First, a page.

In general, most people with tinnitus have a somatic component, but it's debatable if they somatic tinnitus since the latter is more amenable to treatments that seek to rectify whatever body part (jaw or neck) is causing it. For example, some people with tinnitus find that chiropractic adjustments reduces their noise. Other people report some relief from somatic tinnitus with physical therapy or certain yoga positions.

      If you consistently hear your heartbeat with your tinnitus, then you might have pulsatile tinnitus along with general tinnitus (caused by hearing damage or aging with no somatic element) or somatic tinnitus.

      Here is a reference to pulsatile tinnitus:


      Pressure in your ear suggests some type of middle ear dysfunction, most likely eustachian tube related. Do you have allergies? If you have eustachian tube dysfunction and allergies, the latter will cause pressure in your middle ear. Allergy drugs can remedy this, though I've had better luck with short term nasal steroids, like Flonase. This is because traditional allergy medicines, though decreasing my ear discomfort, will spike my tinnitus. Nasal steroids will not increase your tinnitus noise, but they should only be taken for the shortest amount of time. Long term, steroids are not good for you--even nasal steroids, which are safer than ones taken internally like prednisone.

      Hope this helps.

      If I were you, I'd start today with masking sounds--like rainwater, etc., and keep them on all day and night for a few months. A recent research article suggested that people who exposed themselves to constant masking sounds had a greater likelihood of the tinnitus resolving by itself.


      The article addresses noise-induced tinnitus. But I'd try it for any type of tinnitus since it won't harm you and may help it disappear within a few months.

      Regarding having only slight hearing loss, that is not uncommon. Tinnitus is believed to be associated with cochlear damage--usually in the form of hearing loss. But not all damage is ascertainable through traditional methods, especially an audiogram. The latter is a crude measure of hearing anyway and will probably be adjusted and expanded over the next several years.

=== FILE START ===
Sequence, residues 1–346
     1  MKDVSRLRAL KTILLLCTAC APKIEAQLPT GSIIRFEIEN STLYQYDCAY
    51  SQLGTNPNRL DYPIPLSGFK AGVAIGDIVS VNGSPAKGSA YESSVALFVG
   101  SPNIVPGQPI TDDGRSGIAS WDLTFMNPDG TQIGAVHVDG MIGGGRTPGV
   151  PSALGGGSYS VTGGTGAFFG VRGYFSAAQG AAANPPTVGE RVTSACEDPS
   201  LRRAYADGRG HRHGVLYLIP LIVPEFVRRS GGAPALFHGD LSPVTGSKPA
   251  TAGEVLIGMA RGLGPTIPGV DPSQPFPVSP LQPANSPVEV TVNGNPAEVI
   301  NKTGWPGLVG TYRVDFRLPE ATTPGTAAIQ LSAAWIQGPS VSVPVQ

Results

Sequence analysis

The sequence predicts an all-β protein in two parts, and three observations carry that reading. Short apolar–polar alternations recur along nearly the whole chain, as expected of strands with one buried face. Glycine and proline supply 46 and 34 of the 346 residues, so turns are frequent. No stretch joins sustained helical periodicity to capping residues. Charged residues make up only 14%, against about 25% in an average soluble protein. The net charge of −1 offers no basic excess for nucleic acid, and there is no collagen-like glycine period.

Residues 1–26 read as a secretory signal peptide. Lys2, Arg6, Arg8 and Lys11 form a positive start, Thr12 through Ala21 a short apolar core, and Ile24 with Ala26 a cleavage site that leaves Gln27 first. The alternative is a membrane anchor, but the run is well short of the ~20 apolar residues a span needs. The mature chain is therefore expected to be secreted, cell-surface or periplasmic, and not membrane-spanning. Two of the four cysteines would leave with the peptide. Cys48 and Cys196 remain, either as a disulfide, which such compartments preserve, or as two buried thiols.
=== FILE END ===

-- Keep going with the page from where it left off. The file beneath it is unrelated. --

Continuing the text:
Good luck!
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    3. giuseppe

      giuseppe Member

      Tinnitus Since:
      I have been having similar tinnitus from 2007. I can assure that it began after spending nightly hours at computer and under pressure because I had to finish a software. After that period, a very high frequency tinnitus appeared. No one, neither doctors or specialists, known what do to. Someone told me that maybe it was an ear virus or a tumor.
      Recently, another phenomenon added to the high frequency tinnitus. A low frequency one modulated by my heart rate.
      Does anyone knows which sounds therapy is better in my case?
    4. Karen

      Karen Manager Staff Benefactor Hall of Fame Ambassador

      Tinnitus Since:
      Cause of Tinnitus:
      First time: Noise 2nd Time: Ototoxic drug

      Do you mean what kind of sound therapy would mask it best? You might try water sounds; those work best for me, and are the most soothing.

      Do you know if you have any hearing loss, along with the tinnitus? Maybe an increase in hearing loss could be what is causing the new low-frequency tone.